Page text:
UMD, Georgia State to Digitize Records Linking Labor and Civil Rights Movements

A $380,000 grant from the Council on Library and Information Resources (CLIR), secured by University of Maryland Libraries and Georgia State University Library, will fund a three-year project to digitize records on the labor movement’s connections to the civil rights movement.

2 Black women, 1 Black man in front of AFL-CIO Black Lives Matter poster
The large banners on the AFL-CIO headquarters, located on BLM Plaza, became a space for protesters to take selfies documenting and celebrating participation in the movement.

A $380,000 grant from the Council on Library and Information Resources (CLIR), secured by University of Maryland (UMD) Libraries and Georgia State University (GSU) Library, will fund a three-year project to digitize records on the labor movement’s connections to the civil rights movement.

“Advancing Workers Rights in the American South: Digitizing the Records of the AFL-CIO’s Civil Rights Division” will provide online access to records of the American Federation of Labor and Congress of Industrial Organizations (AFL-CIO) Civil Rights Southeast Division and national-level records from the AFL, CIO, and AFL-CIO Civil Rights Department.

“The Black Lives Matter (BLM) movement was a great motivation for this project,” said Ben Blake, social justice and labor archivist at UMD. “Beginning six days after the murder of George Floyd through this January, I participated in 27 racial justice events in DC, mostly at Black Lives Matter Plaza in front of the White House and the AFL-CIO headquarters building. As an archivist documenting these historic events as they happened, I took hundreds of videos and photos and collected over 200 t-shirts, posters, banners, buttons, and other artifacts related to the movement.”

The grant, awarded through CLIR’s Digitizing Hidden Special Collections and Archives program, will enable the creation of an exhibition along with complementary campus, traveling, and online exhibits that will compare the current BLM movement with the Civil Rights struggles of the 1950s through the 1970s documented in the historical AFL-CIO Civil Rights Department Records. UMD will contribute its collection of textual materials, photographs, and films that showcase the AFL-CIO’s national work from the 1940s to the early 2000s.

Lisa Vallen, GSU’s southern labor archivist, initiated the digitization of the southern division of the AFL-CIO Civil Rights Department more than two years ago. GSU’s Special Collections and Archives invited UMD’s Special Collections and University Archives to join the project in the fall to broaden the scope to records from the national AFL-CIO Civil Rights Department. To oversee and execute the digitization, GSU and UMD will hire a library technical assistant from GSU, who will work with support from student assistants.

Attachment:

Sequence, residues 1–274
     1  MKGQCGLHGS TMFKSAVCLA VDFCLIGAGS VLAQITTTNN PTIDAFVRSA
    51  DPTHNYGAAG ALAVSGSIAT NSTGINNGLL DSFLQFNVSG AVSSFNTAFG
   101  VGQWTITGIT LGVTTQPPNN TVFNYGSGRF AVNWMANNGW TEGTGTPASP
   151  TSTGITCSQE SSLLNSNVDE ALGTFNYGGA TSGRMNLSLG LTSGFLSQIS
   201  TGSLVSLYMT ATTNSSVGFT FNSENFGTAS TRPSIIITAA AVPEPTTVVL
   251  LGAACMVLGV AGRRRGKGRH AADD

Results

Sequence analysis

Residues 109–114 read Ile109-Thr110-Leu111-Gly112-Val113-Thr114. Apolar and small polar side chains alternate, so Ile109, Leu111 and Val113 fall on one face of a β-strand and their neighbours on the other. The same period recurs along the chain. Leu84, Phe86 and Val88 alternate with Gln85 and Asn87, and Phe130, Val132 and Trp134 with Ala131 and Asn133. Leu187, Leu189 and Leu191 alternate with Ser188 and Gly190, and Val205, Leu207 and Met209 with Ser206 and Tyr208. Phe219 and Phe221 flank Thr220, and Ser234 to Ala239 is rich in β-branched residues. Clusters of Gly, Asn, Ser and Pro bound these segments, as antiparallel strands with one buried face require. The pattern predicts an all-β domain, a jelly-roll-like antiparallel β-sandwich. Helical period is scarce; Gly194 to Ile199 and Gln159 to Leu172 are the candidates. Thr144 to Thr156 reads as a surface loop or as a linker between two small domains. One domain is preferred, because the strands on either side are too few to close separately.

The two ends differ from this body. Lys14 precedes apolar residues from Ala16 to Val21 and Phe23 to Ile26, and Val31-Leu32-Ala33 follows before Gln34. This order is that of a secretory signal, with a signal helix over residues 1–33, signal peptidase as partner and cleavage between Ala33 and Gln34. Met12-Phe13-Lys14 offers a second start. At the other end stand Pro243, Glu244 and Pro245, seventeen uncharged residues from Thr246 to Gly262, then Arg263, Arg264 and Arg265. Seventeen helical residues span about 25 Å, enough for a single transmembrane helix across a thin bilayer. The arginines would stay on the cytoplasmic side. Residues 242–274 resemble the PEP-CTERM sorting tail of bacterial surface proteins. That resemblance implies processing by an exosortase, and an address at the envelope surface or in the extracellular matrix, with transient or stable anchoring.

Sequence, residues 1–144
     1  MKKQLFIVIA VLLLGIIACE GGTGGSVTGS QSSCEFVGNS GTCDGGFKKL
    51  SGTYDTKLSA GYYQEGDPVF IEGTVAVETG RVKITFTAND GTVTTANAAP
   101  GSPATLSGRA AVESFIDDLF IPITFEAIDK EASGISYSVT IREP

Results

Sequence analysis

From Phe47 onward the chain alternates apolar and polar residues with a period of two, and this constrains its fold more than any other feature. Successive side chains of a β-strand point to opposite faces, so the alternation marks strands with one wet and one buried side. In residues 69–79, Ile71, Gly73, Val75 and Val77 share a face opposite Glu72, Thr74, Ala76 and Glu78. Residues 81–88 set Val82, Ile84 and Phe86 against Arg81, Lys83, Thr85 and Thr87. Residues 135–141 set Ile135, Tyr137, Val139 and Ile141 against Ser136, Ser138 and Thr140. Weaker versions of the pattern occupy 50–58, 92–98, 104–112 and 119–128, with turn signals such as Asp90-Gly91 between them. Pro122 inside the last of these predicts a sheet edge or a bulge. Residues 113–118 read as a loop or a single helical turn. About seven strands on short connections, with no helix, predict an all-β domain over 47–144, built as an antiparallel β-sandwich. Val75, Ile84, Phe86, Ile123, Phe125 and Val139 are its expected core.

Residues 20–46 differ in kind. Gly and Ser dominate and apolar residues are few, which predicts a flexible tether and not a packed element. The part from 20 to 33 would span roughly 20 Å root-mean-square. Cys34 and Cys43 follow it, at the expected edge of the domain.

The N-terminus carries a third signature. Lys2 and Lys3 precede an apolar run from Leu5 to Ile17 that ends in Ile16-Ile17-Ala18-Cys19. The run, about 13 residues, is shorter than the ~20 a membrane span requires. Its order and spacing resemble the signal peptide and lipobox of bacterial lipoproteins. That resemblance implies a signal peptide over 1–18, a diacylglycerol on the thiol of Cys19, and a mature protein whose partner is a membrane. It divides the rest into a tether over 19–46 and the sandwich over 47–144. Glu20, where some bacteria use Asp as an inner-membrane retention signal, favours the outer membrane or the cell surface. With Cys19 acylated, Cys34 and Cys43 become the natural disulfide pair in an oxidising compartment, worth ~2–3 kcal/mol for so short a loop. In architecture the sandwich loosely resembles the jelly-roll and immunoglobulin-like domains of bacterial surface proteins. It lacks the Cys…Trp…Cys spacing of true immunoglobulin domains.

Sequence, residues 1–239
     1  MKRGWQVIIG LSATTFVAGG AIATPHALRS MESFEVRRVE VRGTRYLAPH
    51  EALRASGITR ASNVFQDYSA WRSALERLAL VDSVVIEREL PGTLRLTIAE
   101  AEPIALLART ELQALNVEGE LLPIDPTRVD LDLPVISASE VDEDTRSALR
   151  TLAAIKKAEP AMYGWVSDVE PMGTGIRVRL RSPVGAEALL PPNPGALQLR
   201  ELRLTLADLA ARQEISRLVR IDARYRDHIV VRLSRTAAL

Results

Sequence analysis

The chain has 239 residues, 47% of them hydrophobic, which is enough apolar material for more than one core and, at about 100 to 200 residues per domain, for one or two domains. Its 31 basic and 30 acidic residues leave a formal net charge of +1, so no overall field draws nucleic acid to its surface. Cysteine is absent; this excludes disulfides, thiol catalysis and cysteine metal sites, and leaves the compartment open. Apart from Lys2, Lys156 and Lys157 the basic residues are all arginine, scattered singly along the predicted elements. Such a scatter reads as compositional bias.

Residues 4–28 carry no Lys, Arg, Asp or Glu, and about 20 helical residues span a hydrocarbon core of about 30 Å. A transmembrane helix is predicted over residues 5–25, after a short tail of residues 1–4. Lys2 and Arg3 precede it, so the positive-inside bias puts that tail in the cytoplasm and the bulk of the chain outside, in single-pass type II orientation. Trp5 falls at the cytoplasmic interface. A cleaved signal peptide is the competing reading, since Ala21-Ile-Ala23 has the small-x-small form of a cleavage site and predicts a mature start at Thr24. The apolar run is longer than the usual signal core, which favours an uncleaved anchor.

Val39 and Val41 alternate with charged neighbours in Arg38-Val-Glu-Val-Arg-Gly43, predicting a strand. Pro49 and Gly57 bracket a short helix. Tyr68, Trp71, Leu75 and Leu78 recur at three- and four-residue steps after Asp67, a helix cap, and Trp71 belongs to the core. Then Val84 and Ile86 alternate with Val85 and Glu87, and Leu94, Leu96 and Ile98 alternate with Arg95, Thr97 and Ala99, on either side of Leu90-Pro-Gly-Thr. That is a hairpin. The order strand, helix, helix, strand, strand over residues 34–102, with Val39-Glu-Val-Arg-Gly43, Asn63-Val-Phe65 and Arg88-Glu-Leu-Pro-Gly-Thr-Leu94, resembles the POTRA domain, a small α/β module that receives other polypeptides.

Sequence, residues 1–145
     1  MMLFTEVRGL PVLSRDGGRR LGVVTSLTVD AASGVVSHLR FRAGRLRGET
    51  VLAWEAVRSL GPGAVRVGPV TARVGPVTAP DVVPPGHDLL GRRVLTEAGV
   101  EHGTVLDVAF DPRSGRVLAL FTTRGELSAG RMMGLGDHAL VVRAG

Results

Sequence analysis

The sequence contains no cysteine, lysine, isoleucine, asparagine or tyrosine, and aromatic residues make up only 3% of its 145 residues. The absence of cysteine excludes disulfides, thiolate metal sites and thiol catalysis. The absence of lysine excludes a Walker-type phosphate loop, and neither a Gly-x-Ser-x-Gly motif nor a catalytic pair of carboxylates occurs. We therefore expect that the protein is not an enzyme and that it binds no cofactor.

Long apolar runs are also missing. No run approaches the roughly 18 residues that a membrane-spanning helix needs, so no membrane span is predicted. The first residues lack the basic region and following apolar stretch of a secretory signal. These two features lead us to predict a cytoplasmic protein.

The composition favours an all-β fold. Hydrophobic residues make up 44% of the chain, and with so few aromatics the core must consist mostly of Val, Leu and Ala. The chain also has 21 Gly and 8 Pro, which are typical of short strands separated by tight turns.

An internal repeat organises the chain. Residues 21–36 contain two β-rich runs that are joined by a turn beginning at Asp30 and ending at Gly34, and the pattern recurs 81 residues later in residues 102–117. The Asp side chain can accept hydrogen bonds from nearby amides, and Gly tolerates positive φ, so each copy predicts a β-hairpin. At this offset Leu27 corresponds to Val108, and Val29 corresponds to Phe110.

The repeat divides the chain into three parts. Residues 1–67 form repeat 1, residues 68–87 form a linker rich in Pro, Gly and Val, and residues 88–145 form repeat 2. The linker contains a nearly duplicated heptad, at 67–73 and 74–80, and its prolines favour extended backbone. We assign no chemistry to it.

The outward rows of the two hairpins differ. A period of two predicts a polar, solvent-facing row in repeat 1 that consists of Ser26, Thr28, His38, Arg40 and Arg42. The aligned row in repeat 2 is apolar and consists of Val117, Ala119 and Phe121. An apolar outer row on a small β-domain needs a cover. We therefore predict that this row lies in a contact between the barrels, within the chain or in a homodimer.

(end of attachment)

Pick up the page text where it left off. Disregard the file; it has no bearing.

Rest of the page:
Although cost and resource restraints will limit the process to digitizing only about one quarter of the collection, more than 57,000 pages of text will be digitized, including documents about voting rights, fighting discrimination on the job, opposition to segregation, and equality in education, and material from the 1963 March on Washington for Jobs and Freedom. In addition, 20 16 mm documentary films produced by the labor movement dating back to the 1950s will be digitized. Vendors with expertise in transferring 16 mm film to digital formats will be employed to do the work. UMD’s Special Collections and Archives Library has previously digitized and posted two historic labor produced civil rights documentaries, To Dream and Freedom Ride, which can be viewed on YouTube.

Vallen expanded on what the collection includes: “The AFL-CIO Civil Rights Southeast Department records contain correspondence, reports, surveys, statements, newspaper clippings, printed materials, minutes, agendas, writings, conference materials, news articles, newsletters, brochures, conference agendas, photographs, speech transcripts, and proposals that cover AFL-CIO, coalition building, civil rights, education, employment practices, statistics, unions, politics, complaints, grievances, and affirmative action.” (To get a deeper sense of UMD’s contribution, visit the online collection guide to over 125 linear feet of the civil rights–related material in the AFL-CIO collection.)

b&w photo of man interviewing Martin Luther King standing on picket line
Image from the AFL-CIO Civil Rights Department Records depicts Dr. Martin Luther King, Jr., picketing in support of striking workers at a Scripto writing pen factory in Atlanta, 1964.

Both Vallen and Blake highlighted the urgency of making this collection available to any person with internet access, not just scholars. “Today, we are witnessing an explosion of scholarly and public dialogue concerning labor and civil rights,” Vallen emphasized. “Our combined holdings will add to the dialogue, increasing public and scholarly awareness of these issues and finding footholds from which we can continue examining and acting to address them. Because the struggle for equality impacts all aspects of our society, these collections will provide primary source material for every scholarly discipline.”

Blake added, “This means that students of all ages, from grade school to PhD candidates, will be able to view original key documents about the links between the labor and the civil rights movements.”

The project will benefit a wide range of researchers, from high school students to workers to tenured professors. Blake concluded, “My hope is that the current generation of young activists will take advantage of this new access to explore the roots of past organizing in order to be more effective freedom fighters for racial justice today.”

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